Q: What do I do if we need an advance care directive for my mother, but she has dementia?
It depends upon the level of dementia. If she doesn't have sufficient competency to understand what she wants, the law has provisions for who makes the decisions.
63 OS Section 3102.4
When an adult patient or a person under eighteen (18) years of age who may consent to have services provided by health professionals under Section 2602 of Title 63 of the Oklahoma Statutes is persistently unconscious, incompetent or otherwise mentally or physically incapable of communicating, those reasonably available and willing in the following classes, in the order of priority below, are authorized to make health care decisions for the patient under the same standard as that applicable to making life-sustaining treatment decisions under Section 3101.16 of Title 63 of the Oklahoma Statutes, excluding any person who is disqualified from exercising such authority by Section 3 of this act. If those within a class disagree, a majority within the class may make a health care decision for the patient. However, a provider of health care to the patient or any member or members of any of the following classes may petition a court that would have jurisdiction over a guardianship proceeding concerning the patient under Section 1-115 of Title 30 of the Oklahoma Statutes to seek an order directing a different health care decision on the ground that the health care decision or decisions made violate the standard required by this section, granting another member or other members from among the following classes (notwithstanding the statutory order of priority) supervening authority to make health care decisions for the patient on the ground that clear and convincing evidence demonstrates they are more likely to adhere to that standard, or both. Upon motion by any party, the court shall issue an order requiring that pending its decision on the merits and the resolution of any appeal the patient be provided with health care of which denial, in reasonable medical judgment, would be likely to result in or hasten the death of the patient, unless its provision would require denial of the same health care to another patient. The classes are as follows:
1. A general guardian of the person appointed pursuant to subsection A of Section 3-112 of Title 30 of the Oklahoma Statutes or a limited guardian of the person appointed pursuant to subsection B of Section 3-112 of Title 30 of the Oklahoma Statutes with authority to make personal medical decisions as determined under paragraph 5 of subsection B of Section 3-113 of Title 30 of the Oklahoma Statutes;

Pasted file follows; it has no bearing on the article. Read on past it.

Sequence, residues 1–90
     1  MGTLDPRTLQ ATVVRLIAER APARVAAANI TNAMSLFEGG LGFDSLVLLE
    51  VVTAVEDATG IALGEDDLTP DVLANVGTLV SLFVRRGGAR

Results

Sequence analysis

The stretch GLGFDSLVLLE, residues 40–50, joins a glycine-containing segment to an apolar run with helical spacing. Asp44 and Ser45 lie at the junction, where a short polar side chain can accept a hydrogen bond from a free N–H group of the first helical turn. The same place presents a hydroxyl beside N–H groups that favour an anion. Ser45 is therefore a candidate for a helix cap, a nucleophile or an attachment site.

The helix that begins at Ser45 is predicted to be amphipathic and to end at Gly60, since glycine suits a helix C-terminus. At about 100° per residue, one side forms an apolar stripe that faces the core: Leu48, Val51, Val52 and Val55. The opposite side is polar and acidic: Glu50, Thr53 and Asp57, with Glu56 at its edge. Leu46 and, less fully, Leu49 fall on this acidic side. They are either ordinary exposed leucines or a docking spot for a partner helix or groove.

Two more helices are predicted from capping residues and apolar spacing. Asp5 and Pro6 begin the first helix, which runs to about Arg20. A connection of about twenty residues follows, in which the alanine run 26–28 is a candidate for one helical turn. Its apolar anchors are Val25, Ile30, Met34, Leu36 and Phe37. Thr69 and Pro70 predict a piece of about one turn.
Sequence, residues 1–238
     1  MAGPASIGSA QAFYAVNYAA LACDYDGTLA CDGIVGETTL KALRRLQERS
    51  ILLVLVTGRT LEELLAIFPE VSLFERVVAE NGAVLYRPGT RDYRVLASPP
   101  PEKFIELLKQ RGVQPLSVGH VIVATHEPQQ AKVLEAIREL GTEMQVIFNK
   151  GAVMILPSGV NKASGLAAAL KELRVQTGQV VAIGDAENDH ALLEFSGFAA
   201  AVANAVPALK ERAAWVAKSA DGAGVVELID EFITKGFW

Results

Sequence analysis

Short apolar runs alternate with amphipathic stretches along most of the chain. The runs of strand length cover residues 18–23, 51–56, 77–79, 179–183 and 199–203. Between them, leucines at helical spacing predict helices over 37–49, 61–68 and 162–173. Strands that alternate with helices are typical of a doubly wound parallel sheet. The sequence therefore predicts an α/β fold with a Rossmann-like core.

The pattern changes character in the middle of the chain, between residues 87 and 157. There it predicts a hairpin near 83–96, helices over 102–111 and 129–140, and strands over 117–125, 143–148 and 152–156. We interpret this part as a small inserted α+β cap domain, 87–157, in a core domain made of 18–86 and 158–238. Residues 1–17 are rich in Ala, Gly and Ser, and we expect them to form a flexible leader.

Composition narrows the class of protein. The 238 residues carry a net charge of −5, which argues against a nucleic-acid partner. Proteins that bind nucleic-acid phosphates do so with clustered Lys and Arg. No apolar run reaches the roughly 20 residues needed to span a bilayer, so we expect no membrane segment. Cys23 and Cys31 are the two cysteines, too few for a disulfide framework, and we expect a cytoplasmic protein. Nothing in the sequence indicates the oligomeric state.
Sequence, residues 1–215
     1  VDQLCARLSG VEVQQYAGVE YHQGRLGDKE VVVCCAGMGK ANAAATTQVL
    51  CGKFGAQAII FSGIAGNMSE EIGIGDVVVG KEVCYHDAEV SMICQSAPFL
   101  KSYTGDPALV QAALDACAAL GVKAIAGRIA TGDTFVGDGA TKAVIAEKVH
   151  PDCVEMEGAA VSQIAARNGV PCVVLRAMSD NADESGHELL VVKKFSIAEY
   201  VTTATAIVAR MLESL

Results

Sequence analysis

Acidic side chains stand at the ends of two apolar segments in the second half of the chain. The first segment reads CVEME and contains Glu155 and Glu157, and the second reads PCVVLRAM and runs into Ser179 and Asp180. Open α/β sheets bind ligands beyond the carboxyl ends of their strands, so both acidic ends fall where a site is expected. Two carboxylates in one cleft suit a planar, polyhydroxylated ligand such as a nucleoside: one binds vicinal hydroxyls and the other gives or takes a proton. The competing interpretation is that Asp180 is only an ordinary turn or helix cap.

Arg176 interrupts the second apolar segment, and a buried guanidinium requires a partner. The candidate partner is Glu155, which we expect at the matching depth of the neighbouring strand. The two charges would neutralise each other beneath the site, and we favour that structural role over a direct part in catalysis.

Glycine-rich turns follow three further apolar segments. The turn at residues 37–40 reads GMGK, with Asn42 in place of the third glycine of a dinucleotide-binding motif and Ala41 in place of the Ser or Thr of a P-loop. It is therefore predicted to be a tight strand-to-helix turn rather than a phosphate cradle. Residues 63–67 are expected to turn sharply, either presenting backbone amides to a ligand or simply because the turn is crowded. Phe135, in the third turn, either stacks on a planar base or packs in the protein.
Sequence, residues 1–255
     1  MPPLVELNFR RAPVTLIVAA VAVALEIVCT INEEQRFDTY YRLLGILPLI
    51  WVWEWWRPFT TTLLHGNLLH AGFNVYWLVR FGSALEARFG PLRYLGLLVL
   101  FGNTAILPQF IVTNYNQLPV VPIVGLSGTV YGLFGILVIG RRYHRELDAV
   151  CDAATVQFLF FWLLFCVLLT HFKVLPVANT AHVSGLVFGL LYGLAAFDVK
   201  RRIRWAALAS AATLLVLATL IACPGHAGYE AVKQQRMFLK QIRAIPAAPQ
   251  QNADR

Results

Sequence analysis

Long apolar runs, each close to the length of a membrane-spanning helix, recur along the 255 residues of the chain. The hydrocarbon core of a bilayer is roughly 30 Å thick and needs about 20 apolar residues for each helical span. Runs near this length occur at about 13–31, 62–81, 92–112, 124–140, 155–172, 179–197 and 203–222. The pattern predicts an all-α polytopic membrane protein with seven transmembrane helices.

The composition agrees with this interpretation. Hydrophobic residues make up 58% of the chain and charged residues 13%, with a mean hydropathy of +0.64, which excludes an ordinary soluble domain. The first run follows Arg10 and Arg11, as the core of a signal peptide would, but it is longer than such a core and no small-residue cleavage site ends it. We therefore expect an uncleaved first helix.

2. A health care proxy, or alternate health care proxy, designated by the patient, as defined in paragraph 6 of Section 3101.3 of Title 63 of the Oklahoma Statutes;
3. An attorney-in-fact authorized to act pursuant to the Uniform Durable Power of Attorney Act, Sections 1071 through 1077 of Title 58 of the Oklahoma Statutes, with authority to act regarding the patient's health and medical care decisions, subject to the limitations under paragraph 1 of subsection B of Section 1072.1 of Title 58 of the Oklahoma Statutes;
4. The patient's spouse;
5. Adult children of the patient;
6. Parents of the patient;
7. Adult siblings;
8. Other adult relatives of the patient in order of kinship; or
9. Close friends of the patient who have maintained regular contact with the patient sufficient to be familiar with the patient's personal values. Execution of an affidavit stating specific facts and circumstances documenting such contact constitutes prima facie evidence of close friendship.
This is a very good question, and a topic at a continuing education conference I recently attended.
Ultimately, it does depend on how much her dementia impacts her ability to understand what is going on.
Some people may not be able to drive, but can still understand what is going on around them. I have some clients that suffer from "Sundowner's Syndrome" - they do great in the morning but by late afternoon they start to fade. So, we meet in the morning instead of the afternoon. Problem solved.
Sometimes it is still possible to proceed with "updating" certain documents if there is a change in the "big picture" scheme of things. For example, this kind of scenario could happen if a Health Care Proxy or Successor Trustee died or moved far away.
But, if her condition is very advanced, it may be necessary to have a court appoint a guardian.
From your description, it sounds like she did not previously prepare such a document. In this case, I would recommend that you consult with a lawyer to discuss the specific facts of your case further.
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